While most families of young children are well supported socially and make good use of services, some do not. Children from families that have poor social supports and that make limited or no use of early child and family services are at increased risk of poor health and developmental outcomes.
Research confirms what many professionals working with children and families already know – that the families most in need are the least likely to access support.
An evaluation of the Victorian Maternal and Child Health Service in 2006 found that mothers from three groups were not receiving the same level of service as the rest of the population: culturally and linguistically diverse (CALD) mothers; single mothers; and/or young mothers. The evaluation also found that mothers under 21 years of age (and single mothers to a lesser degree) disengage from services the most rapidly, followed by mothers from CALD communities. Parents with greater levels of socio-economic disadvantage who live in non-metropolitan areas are also less likely to participate in services. These three groups are prominent among those who we think of when we refer to vulnerable families.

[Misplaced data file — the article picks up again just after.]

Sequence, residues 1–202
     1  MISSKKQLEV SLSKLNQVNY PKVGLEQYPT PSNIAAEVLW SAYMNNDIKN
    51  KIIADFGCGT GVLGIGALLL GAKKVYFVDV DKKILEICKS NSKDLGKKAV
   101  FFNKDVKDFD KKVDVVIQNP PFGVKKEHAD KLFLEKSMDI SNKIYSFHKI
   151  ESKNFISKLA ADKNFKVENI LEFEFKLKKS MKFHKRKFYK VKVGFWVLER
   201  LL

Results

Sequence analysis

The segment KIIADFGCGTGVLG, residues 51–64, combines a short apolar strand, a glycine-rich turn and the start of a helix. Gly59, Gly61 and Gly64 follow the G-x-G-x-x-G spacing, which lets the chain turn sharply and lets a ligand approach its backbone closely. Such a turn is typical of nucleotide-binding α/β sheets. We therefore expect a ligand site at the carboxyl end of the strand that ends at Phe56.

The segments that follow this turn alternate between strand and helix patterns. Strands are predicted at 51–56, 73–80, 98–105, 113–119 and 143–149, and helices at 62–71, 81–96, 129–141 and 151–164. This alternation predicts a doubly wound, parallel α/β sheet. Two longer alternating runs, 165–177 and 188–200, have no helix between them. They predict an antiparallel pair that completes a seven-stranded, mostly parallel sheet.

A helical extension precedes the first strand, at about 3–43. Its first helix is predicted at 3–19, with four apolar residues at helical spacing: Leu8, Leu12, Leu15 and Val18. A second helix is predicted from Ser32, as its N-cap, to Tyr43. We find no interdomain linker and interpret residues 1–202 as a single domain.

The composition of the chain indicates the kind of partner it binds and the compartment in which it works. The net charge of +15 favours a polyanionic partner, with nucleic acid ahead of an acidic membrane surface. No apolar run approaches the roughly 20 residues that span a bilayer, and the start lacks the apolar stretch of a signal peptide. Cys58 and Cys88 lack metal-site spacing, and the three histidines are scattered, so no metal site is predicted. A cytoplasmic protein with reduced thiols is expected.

Many child and family health services continue to struggle to engage and retain families; the reasons why vary. Many of these families are referred to as ‘hard to reach’ or labelled ‘non-compliant’ for failing to attend a visit, listen to practitioner advice, or follow-up on directions.
However, research shows that the way services are delivered is just as important as what is delivered. ‘... If services are not delivered in ways that engage parents and respond to their needs, then [services] will struggle to attract and retain them and their effectiveness will be compromised’. This article focuses on the importance of building positive relationships with families and offers ideas to help nurses reflect on their own relationship building knowledge and skills.